To assess whether children’s diet and physical activity patterns differ between neighboring communities with differing resources.
We compared the health behaviors of middle-school students in two Michigan communities; Ann Arbor and Ypsilanti; median household income of US$46,299 and 28,610, respectively. Self-reported diet and physical activity habits were collected.
A total of 733 middle-school students from two neighboring communities (five Ann Arbor and two Ypsilanti middle schools) participated in the study.
Data on age, gender, and racial/ethnic factors were collected as part of the baseline assessment. Students were also measured for height and weight. Body mass index was calculated. Information on diet and physical activity in addition to amounts and types of sedentary activities was assessed via questionnaires.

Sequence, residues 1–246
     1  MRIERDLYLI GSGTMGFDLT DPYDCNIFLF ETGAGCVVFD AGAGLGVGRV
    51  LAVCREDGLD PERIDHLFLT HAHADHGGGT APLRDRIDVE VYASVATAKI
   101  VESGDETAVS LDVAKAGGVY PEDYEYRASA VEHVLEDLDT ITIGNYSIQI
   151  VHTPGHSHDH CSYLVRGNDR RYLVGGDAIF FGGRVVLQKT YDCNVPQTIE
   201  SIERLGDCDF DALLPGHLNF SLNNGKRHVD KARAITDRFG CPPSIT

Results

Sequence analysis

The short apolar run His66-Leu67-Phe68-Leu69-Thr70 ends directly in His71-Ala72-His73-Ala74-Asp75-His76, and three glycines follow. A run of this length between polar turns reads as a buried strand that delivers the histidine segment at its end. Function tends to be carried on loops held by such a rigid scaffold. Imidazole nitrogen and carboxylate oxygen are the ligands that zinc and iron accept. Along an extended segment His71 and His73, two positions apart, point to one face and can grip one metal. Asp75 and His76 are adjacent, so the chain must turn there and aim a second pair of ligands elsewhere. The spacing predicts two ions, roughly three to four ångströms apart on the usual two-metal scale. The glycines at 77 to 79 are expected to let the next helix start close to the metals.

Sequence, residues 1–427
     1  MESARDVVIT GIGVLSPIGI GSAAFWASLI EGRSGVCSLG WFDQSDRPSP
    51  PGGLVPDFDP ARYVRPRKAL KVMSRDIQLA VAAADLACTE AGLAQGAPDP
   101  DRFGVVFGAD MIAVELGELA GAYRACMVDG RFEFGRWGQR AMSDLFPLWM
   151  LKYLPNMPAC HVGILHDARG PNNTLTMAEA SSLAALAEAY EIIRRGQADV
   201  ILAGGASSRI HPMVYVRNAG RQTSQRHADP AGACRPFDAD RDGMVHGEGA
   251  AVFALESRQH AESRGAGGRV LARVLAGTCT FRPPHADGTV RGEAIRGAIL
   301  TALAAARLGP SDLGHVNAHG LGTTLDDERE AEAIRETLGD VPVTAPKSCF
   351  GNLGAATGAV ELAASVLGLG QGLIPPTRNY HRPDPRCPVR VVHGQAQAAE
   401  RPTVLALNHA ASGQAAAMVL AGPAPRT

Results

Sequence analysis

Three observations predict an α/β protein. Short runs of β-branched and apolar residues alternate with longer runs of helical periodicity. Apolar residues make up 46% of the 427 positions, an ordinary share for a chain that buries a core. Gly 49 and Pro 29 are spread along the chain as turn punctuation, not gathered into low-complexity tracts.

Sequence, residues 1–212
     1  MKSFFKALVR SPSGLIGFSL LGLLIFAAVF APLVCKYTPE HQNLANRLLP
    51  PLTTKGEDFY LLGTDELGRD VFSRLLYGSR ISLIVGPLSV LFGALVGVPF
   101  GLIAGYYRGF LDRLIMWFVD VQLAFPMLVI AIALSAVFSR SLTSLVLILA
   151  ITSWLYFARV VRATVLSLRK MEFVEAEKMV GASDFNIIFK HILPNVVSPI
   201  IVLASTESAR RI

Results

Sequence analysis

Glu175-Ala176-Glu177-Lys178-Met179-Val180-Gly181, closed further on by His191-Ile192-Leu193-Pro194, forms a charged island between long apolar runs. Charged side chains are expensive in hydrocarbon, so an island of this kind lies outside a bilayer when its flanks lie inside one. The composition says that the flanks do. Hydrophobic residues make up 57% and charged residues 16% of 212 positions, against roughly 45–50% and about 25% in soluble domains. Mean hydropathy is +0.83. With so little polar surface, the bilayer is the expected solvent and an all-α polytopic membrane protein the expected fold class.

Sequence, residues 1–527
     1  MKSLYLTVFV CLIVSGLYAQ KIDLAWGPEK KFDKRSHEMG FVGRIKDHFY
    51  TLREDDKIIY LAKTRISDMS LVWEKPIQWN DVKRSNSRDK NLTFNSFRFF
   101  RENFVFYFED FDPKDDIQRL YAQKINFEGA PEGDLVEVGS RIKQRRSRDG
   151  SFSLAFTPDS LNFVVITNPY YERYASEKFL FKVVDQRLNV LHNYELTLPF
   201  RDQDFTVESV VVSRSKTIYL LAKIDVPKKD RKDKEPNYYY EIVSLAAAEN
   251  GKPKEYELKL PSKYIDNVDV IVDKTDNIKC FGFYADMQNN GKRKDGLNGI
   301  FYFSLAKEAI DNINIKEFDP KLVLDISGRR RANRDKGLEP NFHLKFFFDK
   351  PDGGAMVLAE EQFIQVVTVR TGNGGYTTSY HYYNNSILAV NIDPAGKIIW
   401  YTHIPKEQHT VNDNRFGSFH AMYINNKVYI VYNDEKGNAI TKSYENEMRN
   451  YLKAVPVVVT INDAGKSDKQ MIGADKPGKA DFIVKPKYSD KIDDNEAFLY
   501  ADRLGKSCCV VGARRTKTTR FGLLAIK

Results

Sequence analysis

More Ypsilanti schoolchildren were obese compared to the Ann Arbor schoolchildren (22.2% vs 12.6%; P = 0.01). The Ypsilanti schoolchildren reported higher consumption of fried meats (7.5% vs 3.2%; P = 0.02), French fries or chips (14.3% vs 7.9%; P = 0.02), punch or sports drinks (24.1% vs 12.2%; P = 0.001) and soda (18% vs 7.9%; P < 0.001) compared to the Ann Arbor children. School-based activities including physical education classes (58.6% vs 89.7%; P < 0.001) and sports teams (34.6% vs 62.8%; P < 0.001) differed for Ypsilanti schoolchildren vs Ann Arbor children. Sedentary behaviors were higher in the Ypsilanti children.